That bar has been raised following an incredibly successful event from the Personal Finance Society at the Birmingham NEC last week. Promising the biggest gathering of advice professionals, the Personal Finance Society delivered a remarkable conference with its festival theme.
I had the privilege of spending two days at the Festival of Financial Planning not running between workshops, panel discussions and keynote speakers, but instead letting the experts come to me. Sitting in a Perspex box on the edge of the central Village Green, I was able to interview 39 of the speakers and exhibitors for Festival Radio, a series of short podcast episodes and the basis for an Internet radio station which played out across the conference hall.
These conversations, along with many others, were a great opportunity to take the pulse of the Financial Planning profession. I had more on and off the record chats about the current issues, concerns and priorities of our community in those two days than I could count.
One recurring conversation was around the opportunities and risks of defined benefit pension transfer advice. For many Financial Planners, demand for advice on whether to take or leave a cash equivalent transfer value seems to have rejuvenated previously sluggish businesses.
There are big challenges here for our profession too. We heard several stories about vulture-like advisers hanging around the factory gates in South Wales, charging £20,000 or more to transfer members out of the British Steel Pension Scheme. Those advisers who appear to be approaching the delivery of services to members of this scheme in a comprehensive and ethical way have limited capacity, exposing thousands who need to make a quick decision to less scrupulous individuals.
A lot of people spoke about the challenge of getting fresh blood into the profession. It was noticeable that delegates at the Festival included a sizeable younger crowd. The Glastonbury theme catered well for ageing rockers and young punks, with the latter exhibiting a new found confidence to make positive change in our profession.
We all seem to be doing a much better job at sharing our messages with the world. The Festival hashtag (#PFSfestival) was trending on Twitter, at one point as high as the sixth most popular hashtag in the UK. By the end of day one, I spotted that more than 2,500 tweets had been posted using this hashtag, and not all of them by me!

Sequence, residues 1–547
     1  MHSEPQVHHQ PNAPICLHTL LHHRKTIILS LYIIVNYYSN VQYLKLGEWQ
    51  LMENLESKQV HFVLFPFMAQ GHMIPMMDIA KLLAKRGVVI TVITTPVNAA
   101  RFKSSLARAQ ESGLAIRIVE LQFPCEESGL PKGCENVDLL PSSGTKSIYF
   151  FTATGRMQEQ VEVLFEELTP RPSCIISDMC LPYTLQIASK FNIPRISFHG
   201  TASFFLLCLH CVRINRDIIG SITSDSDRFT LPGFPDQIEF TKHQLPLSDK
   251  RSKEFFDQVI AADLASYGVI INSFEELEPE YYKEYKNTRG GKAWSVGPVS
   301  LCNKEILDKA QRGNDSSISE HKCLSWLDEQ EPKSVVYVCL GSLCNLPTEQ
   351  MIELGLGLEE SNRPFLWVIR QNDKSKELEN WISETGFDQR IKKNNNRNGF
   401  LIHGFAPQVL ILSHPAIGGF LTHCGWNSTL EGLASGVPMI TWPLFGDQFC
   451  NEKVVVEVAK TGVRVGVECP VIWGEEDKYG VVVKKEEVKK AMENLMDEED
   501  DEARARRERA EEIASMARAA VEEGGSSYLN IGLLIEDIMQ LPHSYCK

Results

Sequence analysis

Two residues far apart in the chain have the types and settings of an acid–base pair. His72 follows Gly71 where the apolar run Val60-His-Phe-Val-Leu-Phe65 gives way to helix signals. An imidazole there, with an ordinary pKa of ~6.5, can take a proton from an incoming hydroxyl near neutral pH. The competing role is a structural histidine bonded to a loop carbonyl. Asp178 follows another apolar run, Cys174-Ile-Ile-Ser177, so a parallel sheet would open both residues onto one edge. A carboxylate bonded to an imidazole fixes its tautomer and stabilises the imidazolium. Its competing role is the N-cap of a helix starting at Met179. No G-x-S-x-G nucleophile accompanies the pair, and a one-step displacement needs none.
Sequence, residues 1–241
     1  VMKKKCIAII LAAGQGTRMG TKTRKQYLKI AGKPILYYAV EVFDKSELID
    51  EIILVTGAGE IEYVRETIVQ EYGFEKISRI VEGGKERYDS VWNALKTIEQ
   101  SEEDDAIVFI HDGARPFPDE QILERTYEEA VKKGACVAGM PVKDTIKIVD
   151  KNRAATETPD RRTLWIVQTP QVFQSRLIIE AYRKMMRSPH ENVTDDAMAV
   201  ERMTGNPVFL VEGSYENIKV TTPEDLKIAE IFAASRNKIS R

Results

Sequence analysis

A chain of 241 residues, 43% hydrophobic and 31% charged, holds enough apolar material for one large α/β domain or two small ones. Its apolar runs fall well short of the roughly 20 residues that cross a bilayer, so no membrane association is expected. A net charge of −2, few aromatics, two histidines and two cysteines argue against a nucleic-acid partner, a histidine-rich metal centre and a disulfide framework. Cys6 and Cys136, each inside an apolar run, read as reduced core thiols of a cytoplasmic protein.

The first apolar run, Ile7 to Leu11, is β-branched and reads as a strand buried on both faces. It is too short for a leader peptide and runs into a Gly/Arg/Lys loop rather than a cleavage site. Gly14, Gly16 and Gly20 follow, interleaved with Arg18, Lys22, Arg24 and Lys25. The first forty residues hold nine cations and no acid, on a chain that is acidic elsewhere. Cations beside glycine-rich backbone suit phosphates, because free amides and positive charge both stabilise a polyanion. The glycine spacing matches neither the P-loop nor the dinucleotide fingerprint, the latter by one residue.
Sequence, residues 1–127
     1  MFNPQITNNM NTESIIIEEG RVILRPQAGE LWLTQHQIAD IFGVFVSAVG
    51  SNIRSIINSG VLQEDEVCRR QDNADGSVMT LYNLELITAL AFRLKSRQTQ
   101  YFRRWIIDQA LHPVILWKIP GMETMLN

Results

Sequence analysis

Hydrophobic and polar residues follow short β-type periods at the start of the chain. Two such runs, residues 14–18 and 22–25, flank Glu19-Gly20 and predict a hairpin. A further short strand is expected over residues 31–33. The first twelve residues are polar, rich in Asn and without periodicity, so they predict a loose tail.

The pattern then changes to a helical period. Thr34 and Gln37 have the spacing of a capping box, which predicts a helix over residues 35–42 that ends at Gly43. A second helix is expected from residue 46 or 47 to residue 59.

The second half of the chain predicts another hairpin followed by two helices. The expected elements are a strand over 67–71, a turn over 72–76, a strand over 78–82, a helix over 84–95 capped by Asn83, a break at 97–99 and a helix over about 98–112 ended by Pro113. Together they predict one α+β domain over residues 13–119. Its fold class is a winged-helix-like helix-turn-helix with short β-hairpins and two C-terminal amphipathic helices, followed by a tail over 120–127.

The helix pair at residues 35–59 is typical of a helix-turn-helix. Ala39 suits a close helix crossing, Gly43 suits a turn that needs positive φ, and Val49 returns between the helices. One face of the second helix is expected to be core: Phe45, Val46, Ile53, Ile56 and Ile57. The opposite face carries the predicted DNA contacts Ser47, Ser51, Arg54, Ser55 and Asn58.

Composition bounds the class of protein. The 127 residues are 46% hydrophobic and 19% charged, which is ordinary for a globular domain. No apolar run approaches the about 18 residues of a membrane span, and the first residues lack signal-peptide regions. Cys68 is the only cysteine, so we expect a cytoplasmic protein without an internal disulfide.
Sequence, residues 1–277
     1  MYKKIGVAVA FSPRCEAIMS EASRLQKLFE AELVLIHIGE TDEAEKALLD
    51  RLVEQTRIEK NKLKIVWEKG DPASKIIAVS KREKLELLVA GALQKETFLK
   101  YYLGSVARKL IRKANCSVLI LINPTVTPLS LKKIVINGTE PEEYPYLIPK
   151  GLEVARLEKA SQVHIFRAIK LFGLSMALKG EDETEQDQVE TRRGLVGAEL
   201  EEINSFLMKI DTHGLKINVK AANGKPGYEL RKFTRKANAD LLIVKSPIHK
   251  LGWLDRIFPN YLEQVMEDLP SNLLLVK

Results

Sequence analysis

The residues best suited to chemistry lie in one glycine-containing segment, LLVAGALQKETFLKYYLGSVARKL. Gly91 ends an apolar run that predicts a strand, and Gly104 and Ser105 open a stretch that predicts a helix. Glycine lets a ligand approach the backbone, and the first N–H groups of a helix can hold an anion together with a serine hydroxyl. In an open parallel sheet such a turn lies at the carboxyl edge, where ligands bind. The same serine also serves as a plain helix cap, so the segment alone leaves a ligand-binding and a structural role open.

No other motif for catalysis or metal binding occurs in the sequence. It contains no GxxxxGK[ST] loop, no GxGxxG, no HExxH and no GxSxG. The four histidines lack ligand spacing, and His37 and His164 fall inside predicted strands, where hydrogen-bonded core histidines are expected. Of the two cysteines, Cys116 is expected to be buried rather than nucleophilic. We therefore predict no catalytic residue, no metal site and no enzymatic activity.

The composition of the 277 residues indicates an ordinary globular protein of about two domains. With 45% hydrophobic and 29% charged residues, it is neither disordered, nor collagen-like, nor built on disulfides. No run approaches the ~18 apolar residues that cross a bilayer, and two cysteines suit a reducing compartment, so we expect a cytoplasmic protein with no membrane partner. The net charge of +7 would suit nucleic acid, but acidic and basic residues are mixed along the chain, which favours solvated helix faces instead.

Delegates wanted to talk about regulation and the advice gap. It was positive to see the FCA exhibiting at the Festival, engaging with delegates to hear our concerns and explain their own priorities, including progress on the Financial Advice Market Review.
With the exception of my conversation Sir Vince Cable, there wasn’t much talk about Brexit. Whether delegates feel unthreatened by leaving the European Union, or simply don’t have anything to talk about amidst the uncertainty of current negotiations, it doesn’t seem to be as front of mind as the headlines on Brexit impact on the UK financial services sector might have you believe.
Perhaps the most remarkable takeaway from the Festival was the enthusiasm for acquiring skills rather than product technical knowledge. Judging by some of the queues I witnessed, delegates wanted to better understand behavioural finance, coaching skills and even hostage negotiation. The Personal Finance Society did well to recognise the zeitgeist and cater for these valuable continuing professional development needs.
There are few occasions where I find myself feeling truly positive about the future of our profession. Driving home along the M40 on Wednesday night was one of those times. Bravo to the Personal Finance Society for getting things so right.
Martin Bamford CFPCM Chartered MCSI FPFS
Chartered Financial Planner & Chartered Wealth Manager
SOLLA Accredited Later Life Adviser
Managing Director, Informed Choice